Aside from the C5+1, Kazakhstan, Kyrgyzstan, Tajikistan, Turkmenistan, Uzbekistan, and the United States also collaborate closely under the auspices of the B5+1 Forum which serves as a catalyst for economic growth, fostering trade, investment, and economic integration to elevate the economic profile of Central Asia. The aim is for the C5+1’s governments and business sectors to collaborate, transforming Central Asia from a mere transit point into a premier destination in global value chains. To realize this vision, the B5+1 Forum advises on policy formation and the crafting of incentives that enhance trade facilitation, investment, and the smooth transit of goods—tackling regional challenges and extending its reach to the United States and beyond. It champions the synchronization of regulations across vital sectors including trade and logistics, agribusiness, e-commerce, tourism, as well as green and renewable energy.

These nations have consistently met the emigration standards set forth by Jackson-Vanik and maintain cordial ties with Israel, demonstrating no state-sponsored anti-Semitism, and allowing Jewish citizens to emigrate freely. This has led advocacy groups like the National Coalition Supporting Eurasian Jewry to endorse the conferring of permanent normal trade relations (PNTR) status upon these countries.

Congress has moved to update trade statuses for other former Soviet countries, yet some Central Asian states remain unjustly anchored to a bygone era, not due to any misconduct but because of legislative inertia and a dearth of regional attention.

Central Asia’s strategic significance is bolstered by its abundant natural resources, including hydrocarbons and rare earth elements—assets the U.S. must not overlook. The Biden administration’s push to strengthen supply chains can be bolstered by granting PNTR to these nations, thus opening their $280 billion collective market to U.S. enterprises and fostering trade, investment, and growth. This would facilitate economic diversification in Central Asia, promote job creation, enhance living standards, and decrease reliance on Russia and China.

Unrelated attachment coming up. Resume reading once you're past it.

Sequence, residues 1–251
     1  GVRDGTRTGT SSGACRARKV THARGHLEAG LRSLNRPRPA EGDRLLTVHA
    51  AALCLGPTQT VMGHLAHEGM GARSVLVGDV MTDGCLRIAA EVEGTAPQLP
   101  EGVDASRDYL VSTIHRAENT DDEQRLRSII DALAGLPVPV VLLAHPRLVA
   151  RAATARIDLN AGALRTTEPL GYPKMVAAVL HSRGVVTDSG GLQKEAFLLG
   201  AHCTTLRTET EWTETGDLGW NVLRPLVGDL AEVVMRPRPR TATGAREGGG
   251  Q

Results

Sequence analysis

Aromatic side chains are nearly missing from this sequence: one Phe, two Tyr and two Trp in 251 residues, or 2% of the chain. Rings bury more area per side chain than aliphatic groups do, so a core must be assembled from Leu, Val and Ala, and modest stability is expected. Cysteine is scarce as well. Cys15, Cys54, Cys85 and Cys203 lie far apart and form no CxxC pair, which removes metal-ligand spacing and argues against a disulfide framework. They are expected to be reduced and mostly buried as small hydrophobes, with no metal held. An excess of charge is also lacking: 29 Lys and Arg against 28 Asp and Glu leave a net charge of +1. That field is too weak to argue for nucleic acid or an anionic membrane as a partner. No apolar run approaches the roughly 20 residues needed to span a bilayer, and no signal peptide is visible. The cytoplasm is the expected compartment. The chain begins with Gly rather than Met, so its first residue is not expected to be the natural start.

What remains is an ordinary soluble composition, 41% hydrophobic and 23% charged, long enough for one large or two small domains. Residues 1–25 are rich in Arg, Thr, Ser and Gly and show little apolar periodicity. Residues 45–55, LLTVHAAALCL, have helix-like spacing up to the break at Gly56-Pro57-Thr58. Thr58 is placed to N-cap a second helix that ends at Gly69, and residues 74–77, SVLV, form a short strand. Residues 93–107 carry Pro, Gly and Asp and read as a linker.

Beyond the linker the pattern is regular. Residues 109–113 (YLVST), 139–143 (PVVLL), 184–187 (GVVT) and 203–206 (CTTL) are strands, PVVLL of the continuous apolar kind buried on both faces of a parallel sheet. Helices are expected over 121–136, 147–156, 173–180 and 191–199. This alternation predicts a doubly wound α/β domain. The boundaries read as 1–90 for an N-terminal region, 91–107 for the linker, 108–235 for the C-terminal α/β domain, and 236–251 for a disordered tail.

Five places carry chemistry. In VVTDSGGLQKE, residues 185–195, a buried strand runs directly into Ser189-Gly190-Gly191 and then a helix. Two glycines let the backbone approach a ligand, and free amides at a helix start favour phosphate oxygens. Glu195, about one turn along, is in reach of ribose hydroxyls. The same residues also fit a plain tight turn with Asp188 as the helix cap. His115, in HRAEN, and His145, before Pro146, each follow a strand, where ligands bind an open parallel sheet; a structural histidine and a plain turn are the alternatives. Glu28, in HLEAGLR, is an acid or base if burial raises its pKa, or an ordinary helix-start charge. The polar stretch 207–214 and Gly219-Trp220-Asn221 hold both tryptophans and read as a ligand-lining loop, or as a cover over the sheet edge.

Clinging to an outdated Cold War mentality belittles the independent stature of Central Asian states—a sentiment frequently expressed by regional leaders. Removing this bilateral sore point would signal the U.S.’s dedication to cultivating stronger ties in the area.

While there is room for progress in human rights and political liberties, granting PNTR can amplify U.S. influence to champion these causes. America possesses an extensive array of diplomatic measures, including high-level dialogues, security and economic aid, and collaboration with European democracies, to exert influence over human rights and political reforms. These contemporary tools should replace the outdated trade approaches of the 1970s.

With the erosion of Russia’s sway and the skepticism surrounding China’s intentions, the United States is presented with a prime opportunity—and responsibility—to reshape its engagement with Central Asia. It falls upon Congress to capitalize on this strategic moment and pass legislation that awards Kazakhstan, Uzbekistan, and Tajikistan the deserved PNTR status, liberating them from the anachronistic strictures of Jackson-Vanik.

Theo Casablanca is a blogger who lives in Brasília.